(1/25) Study on the metastatic mechanisms of human giant-cell lung carcinoma comparison between the strains C and D.
The biologic characteristics of the two human giant-cell lung carcinoma strains with high (strain D) and low metastatic potential (strain C) were studied, including karyotype of chromosome, intracellular free calcium ([Ca2+]i), morphologic changes of cell surface and the expression of nm23-H1, p53, ras, c-myc, c-erbB2, bcl-2 genes and PCNA. The correlation between different biologic features and the metastatic potential of the two strains was analyzed. We found: 1) Both strains had the karyotypic abnormality of -13, -14, -15, +20, +21 with seven same marker chromosomes. Only strain D had the karyotypic abnormality of +7, -17, -18, +X, 7p+; 2) [Ca2+]i of the strain C (984.7 +/- 573.8) and D (517.6 +/- 216.6) was significantly different (p < 0.05). The amplitude of intracellular calcium oscillations of strain C was lower than the one of strain D; 3) strain C had more villous-like protrusions on the cell surface, whereas strain D had more bubble-like protrusions; 4) The expression of nm23-H1 and p53 protein of strain C was all higher than that of strain D. The expression of PCNA of strain C was lower than strain D; 5) nm23-H1 mRNA levels of strain C was lower than that of strain D. We consider that the karyotype of chromosomes, intracellular free calcium, the structure of cell membrane and the expression of nm23-H1 gene, p53 gene, PCNA could be closely related to the metastatic potential of human giant-cell lung carcinoma. They could be used as the sign for judging whether the tumor will metastasize in clinical practice as well as in judging the prognoses of patients. (+info)
(2/25) Effect of interleukin-6 on the growth of human lung cancer cell line.
OBJECTIVE: To investigate the effect of interleukin-6 (IL-6) on the growth of human lung cancer in vivo as well as in vitro. METHODS: To examine the mRNA level of IL-6 receptor (IL-6R) in high-metastatic human lung giant cell carcinoma cell line PG by means of reverse transcription polymerase chain reaction (RT-PCR). To assess the existence of IL-6 receptor complex (including IL-6R and gp130) with the treatment of PG cells by use of recombinant human IL-6 (rhIL-6), recombinant human oncostatin M (rhOSM), and recombinant human leukemia inhibitory factor (rhLIF), respectively. To detect the expression of IL-6 by Northern blotting hybridization and bioactive assay. To identify the effect of IL-6 secreted by PG cells by use of IL-6 and IL-6R antisense oligodeoxynucleotides (ODNs), and specific neutralizing antibody to IL-6. To document the influence of IL-6 on PG cells growth in vivo through the strategy of the transfection of expression vector inserted antisense IL-6 cDNA. RESULTS: RT-PCR analysis revealed that PG cells expressed IL-6R mRNA. Any one of the recombinant cytokine IL-6, OSM and LIF stimulated the growth of PG cells in vitro in a concentration-dependent manner. These results demonstrated IL-6 receptor complex exist in PG cells. At the same time, PG cells expressed IL-6 mRNA and secreted bioactive IL-6. Both IL-6 antisense ODNs and IL-6R ODNs inhibited PG cells proliferation. Treatment of PG cells with IL-6 antibodies reduced the growth of PG cells in vitro. PG cells transfected with IL-6 antisense expression vector showed a decreased growth in nude mice. CONCLUSION: IL-6 functions as an autocrine growth stimulator for PG cells in vivo as well as in vitro. (+info)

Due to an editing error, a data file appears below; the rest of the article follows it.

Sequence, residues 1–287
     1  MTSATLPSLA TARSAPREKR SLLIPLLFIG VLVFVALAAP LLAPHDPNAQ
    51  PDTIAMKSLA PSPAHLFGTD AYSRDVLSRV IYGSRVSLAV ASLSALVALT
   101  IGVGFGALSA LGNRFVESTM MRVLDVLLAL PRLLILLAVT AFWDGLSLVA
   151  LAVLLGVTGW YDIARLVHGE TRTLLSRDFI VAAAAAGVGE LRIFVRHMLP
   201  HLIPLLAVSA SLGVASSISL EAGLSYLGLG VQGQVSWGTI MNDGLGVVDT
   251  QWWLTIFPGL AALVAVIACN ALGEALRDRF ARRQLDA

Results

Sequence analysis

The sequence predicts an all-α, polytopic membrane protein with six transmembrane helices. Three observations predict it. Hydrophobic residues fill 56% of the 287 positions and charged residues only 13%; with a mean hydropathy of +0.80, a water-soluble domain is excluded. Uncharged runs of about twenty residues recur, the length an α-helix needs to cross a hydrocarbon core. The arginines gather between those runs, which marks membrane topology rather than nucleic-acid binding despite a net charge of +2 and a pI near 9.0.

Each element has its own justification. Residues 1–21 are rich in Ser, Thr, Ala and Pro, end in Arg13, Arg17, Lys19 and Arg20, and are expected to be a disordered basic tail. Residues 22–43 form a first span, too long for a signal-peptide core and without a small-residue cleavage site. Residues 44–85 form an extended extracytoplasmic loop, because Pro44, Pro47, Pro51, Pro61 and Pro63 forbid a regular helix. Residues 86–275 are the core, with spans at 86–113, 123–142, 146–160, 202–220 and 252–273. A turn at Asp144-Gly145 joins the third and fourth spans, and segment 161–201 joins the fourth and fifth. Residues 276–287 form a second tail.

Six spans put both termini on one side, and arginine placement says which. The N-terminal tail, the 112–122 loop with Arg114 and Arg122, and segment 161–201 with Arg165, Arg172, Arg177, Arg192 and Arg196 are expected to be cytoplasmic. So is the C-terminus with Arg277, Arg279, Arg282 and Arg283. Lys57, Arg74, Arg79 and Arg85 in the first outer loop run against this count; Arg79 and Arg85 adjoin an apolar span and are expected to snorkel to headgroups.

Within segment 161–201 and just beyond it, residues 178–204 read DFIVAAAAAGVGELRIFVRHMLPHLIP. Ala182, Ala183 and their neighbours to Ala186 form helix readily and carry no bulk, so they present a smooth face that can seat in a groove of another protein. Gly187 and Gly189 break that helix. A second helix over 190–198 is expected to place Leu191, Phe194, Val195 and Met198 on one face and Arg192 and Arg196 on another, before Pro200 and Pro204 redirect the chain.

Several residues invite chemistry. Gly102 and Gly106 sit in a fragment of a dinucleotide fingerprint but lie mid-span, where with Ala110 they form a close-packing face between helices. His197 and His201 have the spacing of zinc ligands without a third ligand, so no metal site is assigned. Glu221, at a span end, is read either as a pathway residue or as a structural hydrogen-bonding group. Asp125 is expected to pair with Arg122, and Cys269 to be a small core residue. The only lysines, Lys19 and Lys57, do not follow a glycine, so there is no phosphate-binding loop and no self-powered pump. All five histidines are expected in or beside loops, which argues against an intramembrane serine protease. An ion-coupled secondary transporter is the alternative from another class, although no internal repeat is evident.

(3/25) Pleomorphic carcinoma: report of a case with massive pleural effusion and asbestos particles.
Pleomorphic (spindle/giant cell) carcinoma (PC) is one subset of large cell carcinoma. It is well known that PC patients have a poor survival rate. This report describes a 68-year-old man with PC. The patient's tumor had a massive pleural effusion. A left lower lobectomy and partial resection of the left diaphragm, peritoneum, and parietal pleura were performed to remove the tumor. Numerous asbestos particles were found in the left lower lobe. This is the first reported case of PC which may have been caused by asbestos particles. Further investigation is needed into whether asbestos exposure causes PC. (+info)
(4/25) Effective asymmetry in gap junctional intercellular communication between populations of human normal lung fibroblasts and lung carcinoma cells.